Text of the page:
If you were to be particular and call out quartz on its biggest flaw, it would be that it is limited to its battery capacity. You’ll get two, maybe three years of operation if you’re lucky, a lifespan expanded by limiting the second hand to a single tick per second. But that’s not the reason people don’t buy them. After all, it’s hardly an inconvenience, especially if you have the wherewithal to change the battery yourself.
Objectively, then, quartz is better, just like digital music is better, but that kind of thinking overlooks the single defining factor that separates humans from computers: the warm, fuzzy wuzzies. Digital bits and bytes are an abstract, machine-like concept. Setting the balance on a tone arm is a pleasing interaction that takes everything that’s rubbish outside the front door and puts it to one side for a sweet, fleeting moment.
It's not that quartz watches are all badly made without care or attention. Grand Seiko has some very highly regarded quartz movements that are as clever as they are beautiful. They sing to a watchmaker’s tune, created by hands as expert as any Swiss master. What they lack is in the intangible, something inexplicably extracted by the part of our brains located just next to the bit that still thinks long, girthy vegetables are funny.
In all honesty, it’s probably an evolutionary disadvantage that we do prefer mechanical things in the way that we do. There’s a simplicity to it, a comfort in the known. You don’t have to understand exactly how it works because you could probably figure it out if you needed to. It’s parts, working together, a chain reaction that can be seen and understood. Technology, on the other hand, is different. It’s scary, unknowable by all but a very few. People are naturally suspicious of science.
One of my earliest memories of playing a video game is Monkey Island. I loved those LucasArts games. They were fun, simple and exciting. I can’t profess to know how the game worked or how the computer it ran on worked either, but fast-forward to today and the release of Unreal Engine 5, the ability to contain whole worlds right down to the smallest pixel in a box that lives with the cobwebs under my TV and—well, trying to figure it out makes me feel like an inferior human being. Just to think, there are people out there who create this kind of stuff, and I’m struggling to put the cap back on the orange juice.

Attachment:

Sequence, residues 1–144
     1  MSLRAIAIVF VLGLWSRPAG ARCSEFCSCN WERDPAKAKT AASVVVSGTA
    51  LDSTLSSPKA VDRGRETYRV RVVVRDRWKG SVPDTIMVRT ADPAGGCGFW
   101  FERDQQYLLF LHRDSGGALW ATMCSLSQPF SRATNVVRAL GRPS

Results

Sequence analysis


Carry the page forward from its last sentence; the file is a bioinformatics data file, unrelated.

By comparison, the mechanical movement is a place I’m comfortable with. We’ve had several centuries to get to know it after all. I wind it and I can feel the tension building in the spring. I hear it ticking in tune with the second hand as it traces the dial. I watch the escapement and I know that, if it fell apart, I’d have a solid chance of being able to put it back together again. A quartz watch can’t replace that. It can outperform it, but it can’t replace it. I’m just too stupid.
The wonderful thing about human beings is that each and every one of us is different, and that means that your outlook on life might be entirely different to mine. That means that if I prefer the whirr of springs and gears to the tick-tock of a quartz instrument, that’s right—for me. For you, I can’t say. That’s your journey to have. Just know that there is no one answer, no ultimatum. There’s just a series of parts that work in harmony to achieve an outcome unique to you—your brain. Now, what’s really going to bake your noodle later on is—what if you combine both quartz and mechanical together to create Spring Drive?